Sanjūsangen-do was home to a popular archery contest called Tōshiya. Though the origin of the competition is unclear, it was already an established event by the Momoyama period (1583–1600). A particularly famous warrior named Asaoka Heibei is credited with popularizing the contest back in 1606 by successfully shooting fifty-one arrows. With the thirty-three ken (120 meters) long hall as a measurement of distance, archers would shoot arrows from the southern end of the structure into a target erected at the northern end. Various events were part of the competition, including the “One Hundred Shots” (Hyaku-i) and “One Thousand Shots” (Sen-i) challenges, in which the archers who made the most hits were the winners. Young boys participated in the Hiyakazu and tried to shoot as many arrows as possible in a twelve hour period, and men competed in the Ōyakazu to do the same in a twenty-four hour period.
Meticulous records of the popular competition were kept in the form of wooden certificates displayed in the temple that listed the champions by name, age, and arrows used. Modern visitors may be shocked to learn that in 1827 an eleven year old named Kokura Gishichi successfully hit the target with 995 of his 1,000 arrows, or that in 1686 an eighteen year old named Wasa Daihachiro shot 13,053 arrows over the period of a day, landing 8,133 shots and averaging 9 arrows a minute. After 255 years the competition was ended in 1861, though it survives in part with the temple’s Ōmato Taikai archery competition held for Coming of Age Day on a Sunday in mid-January.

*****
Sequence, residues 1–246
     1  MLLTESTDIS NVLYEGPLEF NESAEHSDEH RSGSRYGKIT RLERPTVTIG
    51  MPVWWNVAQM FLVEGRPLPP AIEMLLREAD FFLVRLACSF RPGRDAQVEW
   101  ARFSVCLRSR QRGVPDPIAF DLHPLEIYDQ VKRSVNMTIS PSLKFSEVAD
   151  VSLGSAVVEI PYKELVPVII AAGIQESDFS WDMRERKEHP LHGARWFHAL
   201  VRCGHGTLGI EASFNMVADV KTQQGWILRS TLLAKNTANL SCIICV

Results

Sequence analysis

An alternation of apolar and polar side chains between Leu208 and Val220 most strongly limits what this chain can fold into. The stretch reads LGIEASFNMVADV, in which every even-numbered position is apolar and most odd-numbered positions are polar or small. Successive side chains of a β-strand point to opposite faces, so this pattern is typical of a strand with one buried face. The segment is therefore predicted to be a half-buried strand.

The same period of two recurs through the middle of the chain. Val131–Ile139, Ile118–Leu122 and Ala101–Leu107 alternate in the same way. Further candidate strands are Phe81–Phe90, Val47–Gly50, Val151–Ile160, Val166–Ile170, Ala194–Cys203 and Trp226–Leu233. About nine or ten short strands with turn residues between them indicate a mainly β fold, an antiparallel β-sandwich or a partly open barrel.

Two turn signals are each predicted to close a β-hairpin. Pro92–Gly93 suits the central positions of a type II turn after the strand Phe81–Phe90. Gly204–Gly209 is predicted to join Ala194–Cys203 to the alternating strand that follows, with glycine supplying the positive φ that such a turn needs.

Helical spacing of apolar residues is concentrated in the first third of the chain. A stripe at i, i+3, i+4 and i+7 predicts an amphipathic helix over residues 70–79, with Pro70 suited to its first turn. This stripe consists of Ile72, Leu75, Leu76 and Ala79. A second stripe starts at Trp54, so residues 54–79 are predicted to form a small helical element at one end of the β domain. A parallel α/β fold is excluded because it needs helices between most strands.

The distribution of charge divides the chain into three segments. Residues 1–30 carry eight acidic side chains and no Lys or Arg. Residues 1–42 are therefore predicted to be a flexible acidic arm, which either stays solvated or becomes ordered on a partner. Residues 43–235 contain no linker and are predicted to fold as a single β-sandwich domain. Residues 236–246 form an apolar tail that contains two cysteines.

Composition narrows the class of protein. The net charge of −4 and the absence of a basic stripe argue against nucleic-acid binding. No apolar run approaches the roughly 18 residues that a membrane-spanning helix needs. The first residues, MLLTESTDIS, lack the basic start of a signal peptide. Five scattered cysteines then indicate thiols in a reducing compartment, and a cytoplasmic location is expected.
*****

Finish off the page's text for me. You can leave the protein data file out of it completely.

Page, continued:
Sanjūsangen-dō is currently administered by Myōhō-in temple and belongs to the Tendai School of Buddhism.
Yanagi no Okaji (Rite of the Willow; free admission)
|Shuntō-e Spring Ritual (free admission)|
|Hana Matsuri (Flower Festival)|
|Kaisanki (Celebration of the Temple’s Founding)|
|Ohitaki Fire Ritual|
- General Admission: ¥600
- Junior High and High School Students: ¥400
- Primary School Students: ¥300
- General Admission: 8:30 – 17:00 (April 1st to November 15th), 9:00 – 16:00 (November 16th to March 31st)
- Closed: No closing days